23% of Teens Surveyed Admit to Driving Under Influence of Alcohol or Drugs

DrivingA new survey of teens finds 23 percent admit they have driven under the influence of alcohol, prescription drugs or marijuana.

Almost 20 percent of teens who drink and drive say alcohol improves their driving, while 34 percent say the same about marijuana.

Teens are more likely to drink when they are less heavily supervised, according to the survey by Students Against Destructive Decisions (SADD) and insurance company Liberty Mutual. The survey included 1,708 high school students in grades 11 and 12, USA Today reports.

"The end of the school year and the summer months are exciting times for teens, but they are also the most dangerous," Dave Melton, Managing Director of Global Safety for Liberty Mutual, said in a news release. "A celebratory toast can quickly lead to serious consequences down the line.

These new data illustrate that there is clearly a strong need to increase the level of education around safe driving. More importantly, it's a flag for parents to make sure they talk to their kids regularly about the importance of safe driving behavior." He added, "The fact that an overwhelming number of teens admit to extremely unsafe driving habits and completely dismiss any risk concern yet still consider themselves safe drivers means either teens have a different definition of 'safe' or we need to do a better job of educating kids about the dangers of this type of behavior."

The survey found 11 percent of teens admitted to driving under the influence of alcohol or drugs during the summer in general; 8 percent on July 4th; 6 percent on prom night; and 5 percent to celebrate graduation. Earlier this year, the Governors Highway Safety Association released a report stating the number of 16- and 17-year-old driver deaths in passenger vehicles increased from 202 to 240 in the first six months of 2012—a 19 percent jump from same period the previous year.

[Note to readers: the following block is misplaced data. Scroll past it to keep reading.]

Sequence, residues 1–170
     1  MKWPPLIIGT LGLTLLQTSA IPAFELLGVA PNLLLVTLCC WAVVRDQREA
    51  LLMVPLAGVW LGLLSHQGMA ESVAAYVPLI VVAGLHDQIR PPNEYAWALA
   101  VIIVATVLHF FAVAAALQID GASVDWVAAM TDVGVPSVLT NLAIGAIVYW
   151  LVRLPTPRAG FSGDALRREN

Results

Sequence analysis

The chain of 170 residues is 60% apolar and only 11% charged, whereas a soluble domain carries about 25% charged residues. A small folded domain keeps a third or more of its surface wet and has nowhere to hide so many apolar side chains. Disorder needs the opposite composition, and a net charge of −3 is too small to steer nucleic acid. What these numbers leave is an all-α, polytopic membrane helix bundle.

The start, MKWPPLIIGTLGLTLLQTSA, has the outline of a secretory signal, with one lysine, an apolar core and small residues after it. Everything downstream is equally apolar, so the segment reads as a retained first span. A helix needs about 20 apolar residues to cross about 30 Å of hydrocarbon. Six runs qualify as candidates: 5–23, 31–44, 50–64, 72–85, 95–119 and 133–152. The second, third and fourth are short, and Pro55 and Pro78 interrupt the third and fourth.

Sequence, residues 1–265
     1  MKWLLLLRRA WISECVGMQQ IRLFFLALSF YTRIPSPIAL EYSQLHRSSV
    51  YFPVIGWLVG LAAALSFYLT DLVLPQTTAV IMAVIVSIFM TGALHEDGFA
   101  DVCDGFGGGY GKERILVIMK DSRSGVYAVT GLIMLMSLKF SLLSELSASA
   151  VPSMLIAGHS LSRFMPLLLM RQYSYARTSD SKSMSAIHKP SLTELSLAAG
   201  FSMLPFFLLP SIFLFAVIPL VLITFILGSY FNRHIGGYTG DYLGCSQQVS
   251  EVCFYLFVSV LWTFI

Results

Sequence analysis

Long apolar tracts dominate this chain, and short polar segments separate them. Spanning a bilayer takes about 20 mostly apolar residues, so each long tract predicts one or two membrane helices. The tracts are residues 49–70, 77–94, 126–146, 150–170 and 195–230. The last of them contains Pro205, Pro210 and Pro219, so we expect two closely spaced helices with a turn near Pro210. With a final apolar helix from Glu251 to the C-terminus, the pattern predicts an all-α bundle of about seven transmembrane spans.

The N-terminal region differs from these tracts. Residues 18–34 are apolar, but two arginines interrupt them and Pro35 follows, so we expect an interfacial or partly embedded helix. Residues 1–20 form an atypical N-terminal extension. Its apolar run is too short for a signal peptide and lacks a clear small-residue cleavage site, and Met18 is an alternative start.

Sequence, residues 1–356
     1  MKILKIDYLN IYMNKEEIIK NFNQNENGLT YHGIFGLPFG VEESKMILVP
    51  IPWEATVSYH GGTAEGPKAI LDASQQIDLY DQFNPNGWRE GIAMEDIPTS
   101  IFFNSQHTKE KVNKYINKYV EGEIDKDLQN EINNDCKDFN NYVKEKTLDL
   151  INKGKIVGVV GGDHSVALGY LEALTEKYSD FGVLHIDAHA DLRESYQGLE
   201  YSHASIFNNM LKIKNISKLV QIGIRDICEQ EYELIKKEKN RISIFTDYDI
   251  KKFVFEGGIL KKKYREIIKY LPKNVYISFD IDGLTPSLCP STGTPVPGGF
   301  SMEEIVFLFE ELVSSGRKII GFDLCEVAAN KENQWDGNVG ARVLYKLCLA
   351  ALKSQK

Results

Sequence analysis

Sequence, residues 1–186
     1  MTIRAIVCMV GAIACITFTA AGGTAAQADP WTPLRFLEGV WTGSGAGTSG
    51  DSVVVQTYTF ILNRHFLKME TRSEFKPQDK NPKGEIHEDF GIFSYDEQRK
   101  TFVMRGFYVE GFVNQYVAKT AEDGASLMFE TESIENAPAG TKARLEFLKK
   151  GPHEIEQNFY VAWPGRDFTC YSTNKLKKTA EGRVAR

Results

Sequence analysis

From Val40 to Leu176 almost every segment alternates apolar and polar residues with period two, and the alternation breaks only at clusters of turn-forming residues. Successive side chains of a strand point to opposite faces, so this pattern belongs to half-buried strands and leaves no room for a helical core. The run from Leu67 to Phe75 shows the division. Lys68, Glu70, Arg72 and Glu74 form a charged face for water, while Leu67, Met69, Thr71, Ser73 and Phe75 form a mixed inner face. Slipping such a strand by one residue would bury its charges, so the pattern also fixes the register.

FACT: An estimated 32% of fatal car crashes involve an intoxicated driver or pedestrian. Drinking alcohol and driving simply do not go together. The human brain has to deal with many things and process countless data all the time. Alcohol affects attentiveness and one's ability to make quick decisions on the road, react to changes in the environment and execute specific, often difficult maneuvers behind the wheel. When drinking alcohol, driving becomes dangerous – and is potentially lethal! Click here to learn more.

 

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Saturday, 18 August 2018
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